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post #1 of (permalink) Old 01-03-2000, 11:07 AM
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Bronco Brakes

I have an '83 Bronco, and lately I have been hearing a hissing noise coming from the pedal cluster area. When I would press down on the brake pedal, it would stop. It kept getting progressively worse over a couple months and then I noticed the pedal would creep to the floor under hard prolonged braking, especially on long hills. That kept getting worse and worse, and now, there is no pressure on the brake pedal. Pumping the brakes does nothing. I checked the brake fluid, the first chamber closest to the front has some bubbles in it, but is at the correct level, the rear chamber has no bubbles and is at the correct level.

Anyone have any ideas what is happening?

Thanks!

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post #2 of (permalink) Old 01-03-2000, 04:11 PM
 
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Re: Bronco Brakes

It sounds to me like you have a vacuum leak. Your "power" brakes are powered by engine vacuum. First check the vacuum line that leads to the vacuum booster (between the fire wall and the master cylinder). Is the line cracked and leaking? If so, replace it with a new length of vacuum line. Otherwise, you might have a problem with the vacuum booster itself. See if you can detect any leaks. I've never had to replace one of these, but you never know, your's could be bad. A bad vacuum booster or vacuum line line would deplete your degree of brake assist. Is this your truck's symtom? Or are your brakes just not working at all? If your master cylinder has a fluid leak, then you need a new master cylinder. This is a much more common problem. However, it sounds to me like you have a vacuum problem. Having air in the brake lines (a third possibility) can be easily diagnosed. First, start the engine and depress the brake pedal as far as you can with the engine running, make note of how far the pedal drops. Then quickly pump the pedal a few times (again with the engine running). Does the pedal get "harder" (not drop as close to the floor)? If so, then you have air in the brake lines, meaning that you will have to have them bled. A leaking master cylinder will cause you to ingest air in the brake lines. Good luck.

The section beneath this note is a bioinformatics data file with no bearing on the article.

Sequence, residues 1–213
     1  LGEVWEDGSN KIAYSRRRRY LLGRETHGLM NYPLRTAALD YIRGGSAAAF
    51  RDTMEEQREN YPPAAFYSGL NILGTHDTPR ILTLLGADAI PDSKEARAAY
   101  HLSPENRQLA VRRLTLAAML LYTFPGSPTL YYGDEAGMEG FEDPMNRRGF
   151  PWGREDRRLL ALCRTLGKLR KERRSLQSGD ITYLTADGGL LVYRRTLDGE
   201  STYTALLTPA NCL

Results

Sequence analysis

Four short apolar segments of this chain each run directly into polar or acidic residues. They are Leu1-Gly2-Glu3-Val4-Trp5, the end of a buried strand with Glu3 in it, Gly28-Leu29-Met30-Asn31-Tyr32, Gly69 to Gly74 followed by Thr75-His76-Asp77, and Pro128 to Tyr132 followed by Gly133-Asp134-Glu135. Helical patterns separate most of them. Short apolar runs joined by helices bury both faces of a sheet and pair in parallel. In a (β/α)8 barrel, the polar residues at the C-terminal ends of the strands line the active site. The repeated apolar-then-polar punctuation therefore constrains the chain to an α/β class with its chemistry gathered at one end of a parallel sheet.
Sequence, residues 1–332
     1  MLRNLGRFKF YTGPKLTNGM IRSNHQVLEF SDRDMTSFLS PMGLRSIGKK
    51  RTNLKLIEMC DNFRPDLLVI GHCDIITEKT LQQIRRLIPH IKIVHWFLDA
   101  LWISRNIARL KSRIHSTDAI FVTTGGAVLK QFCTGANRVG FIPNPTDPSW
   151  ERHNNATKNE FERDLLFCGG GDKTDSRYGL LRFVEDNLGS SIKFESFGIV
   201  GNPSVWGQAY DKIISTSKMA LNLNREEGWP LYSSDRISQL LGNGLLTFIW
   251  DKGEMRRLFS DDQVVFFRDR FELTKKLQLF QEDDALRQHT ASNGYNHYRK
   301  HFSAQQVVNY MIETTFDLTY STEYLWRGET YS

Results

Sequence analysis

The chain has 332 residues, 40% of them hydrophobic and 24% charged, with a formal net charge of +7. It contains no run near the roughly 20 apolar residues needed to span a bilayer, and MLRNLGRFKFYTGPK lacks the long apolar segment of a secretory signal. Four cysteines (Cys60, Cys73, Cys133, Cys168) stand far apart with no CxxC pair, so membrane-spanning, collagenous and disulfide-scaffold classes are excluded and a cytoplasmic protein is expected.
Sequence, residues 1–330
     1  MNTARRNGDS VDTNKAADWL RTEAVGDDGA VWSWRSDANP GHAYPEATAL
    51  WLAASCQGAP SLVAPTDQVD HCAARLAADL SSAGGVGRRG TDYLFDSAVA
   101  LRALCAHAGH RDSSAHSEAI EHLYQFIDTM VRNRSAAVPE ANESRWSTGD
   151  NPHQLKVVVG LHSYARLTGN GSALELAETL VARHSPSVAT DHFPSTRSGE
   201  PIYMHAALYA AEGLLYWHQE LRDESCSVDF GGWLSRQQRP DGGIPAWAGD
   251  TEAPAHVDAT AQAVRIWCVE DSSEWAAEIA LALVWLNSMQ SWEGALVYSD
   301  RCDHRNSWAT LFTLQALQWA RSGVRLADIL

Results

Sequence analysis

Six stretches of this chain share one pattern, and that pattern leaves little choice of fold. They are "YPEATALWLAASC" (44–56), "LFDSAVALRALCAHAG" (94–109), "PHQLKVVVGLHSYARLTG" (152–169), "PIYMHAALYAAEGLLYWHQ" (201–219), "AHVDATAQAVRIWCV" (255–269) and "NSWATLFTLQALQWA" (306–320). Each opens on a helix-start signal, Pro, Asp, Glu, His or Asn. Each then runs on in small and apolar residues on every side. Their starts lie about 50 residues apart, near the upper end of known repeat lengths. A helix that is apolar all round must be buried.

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post #3 of (permalink) Old 01-03-2000, 05:36 PM
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Re: Bronco Brakes

There is a plunger that goes from the brake pedal directly to the back of the Booster(round drum that sits right behind the master cylinder). It sounds like the air leak is coming from there.

I was hoping that a vacuum line fell off or had a hole in it, which would be easy to fix..
It wouldn't surprise me to have both a major vacuum leak and a leaking master cylinder. I think you're right, it probably is the master cylinder.

When I pump it quickly sometimes it gives me some pressure, but it fades instantly, sometimes it doesn't even give any pressure.


Thanks for your ideas!

I'm taking it in tomorrow to have it looked at.

scary drive...


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post #4 of (permalink) Old 01-03-2000, 05:54 PM
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Re: Bronco Brakes

Checking the booster is easy. Run engine, shut it off in a quiet place, listen under dash for a hiss. Assuming good vacuum from engine to booster when engine is running, when you shut it off, the booster holds about 2 &1/2 brake-applications worth of vacuum. So if the booster hisses for a bit, then trails off and stops, you've got a break in the boosters diaphram.
Running the engine, then shutting it off, you should be able to press down on the brake and get a softer pedal about 2 & 1/2 times before it goes hard (to no-power assist).
A final for-sure check if you have or can borrow the equipment, is to disconnect the vacuum line from the Check Valve at the booster under the hood. connect a hand-type vacuum pump (and vac gauge if you have one) to the Check Valve. Put some vacuum on the booster. It should hold it just about forever if the diaphram is good. I troubleshot and replaced one on a full-sized 90 Merc about a year ago. The booster is easy to change, and if that is the only problem, you don't have to disconnect any brake lines. However, in the case that I worked on, the booster went at the output end, where the rod comes out to depress the piston in the Master Cylinder. And the Master had been leaking back there a while. I think the brake fluid eventually softened up the rubber, and it failed. So I put a rebuilt Master in. Toughest problem was getting the #@!**% plastic reservoir off the old one without destroying it! Yeah, the two-big-screwdrivers-and-pry method didn't work!
I think the rebuilt booster was something like $60 at AutoZone.
Have fun, and brake early! UncleDon

post #5 of (permalink) Old 01-05-2000, 01:11 PM
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Re: Bronco Brakes

Danbo, I had the same problem with my 86 Bronco, very easy fix. I bought a new Booster and Master as a unit already put together. I did a bench bleed and installed it. Problem fixed and I got a new Master cylinder too. Taking out the old and installing the new is very easy to do. Let me know if you need any guidance. Kris

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